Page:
How was America in the 1950s?

Youth in the 1950s

Youngsters, "Exis" and teenagers

The youngsters. Her provocative demeanor quickly became the symbol of an entire generation. With the cigarette in their mouth, the fashionable leather jacket and the loudly rattling moped, they horrified the good German citizens from the mid-1950s. No wonder, because in 1956, sensation-hungry journalists reported almost every day about riot riots on the streets.

If you believed the press, a real hooligan knew how to beat the plaster with force and pick around uselessly. Anyone who listened to German hits had no place in a youngster clique, because youngsters were enthusiastic about everything that came from America. And that was mostly rock and roll.

Mainly young men from the working class felt drawn to the movement - even if far fewer young people belonged to the youngsters than many believe.

Only about five percent of those aged 14 to 19 at the time stated that they were half-strong in later years. But it was certainly much more who sympathized with the rebellious attitude of their peers.

Existentialists with philosophical idols

However, this was rarely the case with the youthful existentialists. Many "Exis" despised the aggressive behavior of the youngsters, because in their own environment it was a lot more civilized.

The "Exis" took lessons from high school teachers in the mornings and spent the evenings in smoky jazz clubs. The French philosophers Jean-Paul Sartre (1905-1980) and Albert Camus (1913-1960) were among her intellectual role models. Black stockings, black trousers and black turtlenecks made them stand out from the other youth groups.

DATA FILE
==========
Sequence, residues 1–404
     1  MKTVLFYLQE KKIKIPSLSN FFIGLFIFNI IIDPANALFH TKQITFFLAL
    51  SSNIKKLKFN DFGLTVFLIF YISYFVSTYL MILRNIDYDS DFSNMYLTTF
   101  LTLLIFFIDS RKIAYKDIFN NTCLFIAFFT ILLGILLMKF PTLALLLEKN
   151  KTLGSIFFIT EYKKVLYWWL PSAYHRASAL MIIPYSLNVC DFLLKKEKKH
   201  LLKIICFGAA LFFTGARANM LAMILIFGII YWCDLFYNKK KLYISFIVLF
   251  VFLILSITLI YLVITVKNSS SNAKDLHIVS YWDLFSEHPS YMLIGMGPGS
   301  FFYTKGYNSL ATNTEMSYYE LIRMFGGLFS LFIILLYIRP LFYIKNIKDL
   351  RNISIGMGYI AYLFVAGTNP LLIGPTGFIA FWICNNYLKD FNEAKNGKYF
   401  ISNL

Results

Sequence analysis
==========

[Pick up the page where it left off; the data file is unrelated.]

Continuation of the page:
Fashion and cosmetics for the girls

Flogging or loitering in jazz clubs? Most of the girls found this leisure program unattractive and so they seldom wandered the streets with youngsters and existentialists. They benefited all the more from the emergence of their own teenage culture.

Teenagers now dressed chic and fashionable, danced body-hugging and made use of the wide range of leisure activities of the late 1950s with friends of the same age. For them, being young was fun - and without any political insubordination.

The fashion and entertainment industries quickly discovered the adapted young people as their own target group. Teenage cosmetics and teenage fashion were soon in all shop windows.

Word got around about what was currently in trend, also because young people had their own mouthpiece from 1956 onwards: The youth magazine "Bravo" supported the generation of that time with styling questions.

Rock'n'Roll, riot and love

Rock'n'Roll gave the youth of the 1950s their own voice. And that almost everywhere in the western world. Since Bill Haley's "Rock around the clock" at the latest, German adolescents had also been infected with the new musical virus. "One, two, three o'clock, four o'clock, rock."

Bill Haley's pounding and unleashing music delighted the young audience with some consequences: on Bill Haley's tour of Germany, the young ecstasy turned into wild aggression. In Berlin, Hamburg, Essen and Stuttgart fans dismantled the interior of the concert halls.

Rock'n'Roll became the soundtrack of a new way of life - and street battles with the police also belonged to this way of life. Between 1956 and 1958 alone there were 350 major riots in almost all major West German cities.

Rock'n'Roll not only accompanied mass brawls, but also the first attempts at admiring adolescents on the dance floor. Anyone who danced rock'n'roll did not necessarily stick to painstakingly rehearsed step combinations, but rather let their pelvis lasciviously - following the example of Elvis Presley, who had risen to become the undisputed star of the rock'n'roll scene since 1957.